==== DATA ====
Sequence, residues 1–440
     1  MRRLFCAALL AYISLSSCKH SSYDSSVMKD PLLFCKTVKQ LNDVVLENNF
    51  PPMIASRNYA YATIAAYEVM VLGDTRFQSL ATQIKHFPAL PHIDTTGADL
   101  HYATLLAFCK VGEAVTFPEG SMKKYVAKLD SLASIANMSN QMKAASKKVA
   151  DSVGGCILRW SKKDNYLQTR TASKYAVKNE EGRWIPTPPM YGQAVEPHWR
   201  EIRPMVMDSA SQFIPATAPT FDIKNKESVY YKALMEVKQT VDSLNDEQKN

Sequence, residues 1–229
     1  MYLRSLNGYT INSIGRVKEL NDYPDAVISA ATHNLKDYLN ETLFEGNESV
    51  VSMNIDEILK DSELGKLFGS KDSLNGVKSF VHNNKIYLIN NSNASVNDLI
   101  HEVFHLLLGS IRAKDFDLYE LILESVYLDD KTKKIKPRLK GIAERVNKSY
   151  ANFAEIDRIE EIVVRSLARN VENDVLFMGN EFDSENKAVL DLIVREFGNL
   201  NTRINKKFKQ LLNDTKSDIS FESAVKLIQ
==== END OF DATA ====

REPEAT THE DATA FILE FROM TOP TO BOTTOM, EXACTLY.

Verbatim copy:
Sequence, residues 1–440
     1  MRRLFCAALL AYISLSSCKH SSYDSSVMKD PLLFCKTVKQ LNDVVLENNF
    51  PPMIASRNYA YATIAAYEVM VLGDTRFQSL ATQIKHFPAL PHIDTTGADL
   101  HYATLLAFCK VGEAVTFPEG SMKKYVAKLD SLASIANMSN QMKAASKKVA
   151  DSVGGCILRW SKKDNYLQTR TASKYAVKNE EGRWIPTPPM YGQAVEPHWR
   201  EIRPMVMDSA SQFIPATAPT FDIKNKESVY YKALMEVKQT VDSLNDEQKN

Sequence, residues 1–229
     1  MYLRSLNGYT INSIGRVKEL NDYPDAVISA ATHNLKDYLN ETLFEGNESV
    51  VSMNIDEILK DSELGKLFGS KDSLNGVKSF VHNNKIYLIN NSNASVNDLI
   101  HEVFHLLLGS IRAKDFDLYE LILESVYLDD KTKKIKPRLK GIAERVNKSY
   151  ANFAEIDRIE EIVVRSLARN VENDVLFMGN EFDSENKAVL DLIVREFGNL
   201  NTRINKKFKQ LLNDTKSDIS FESAVKLIQ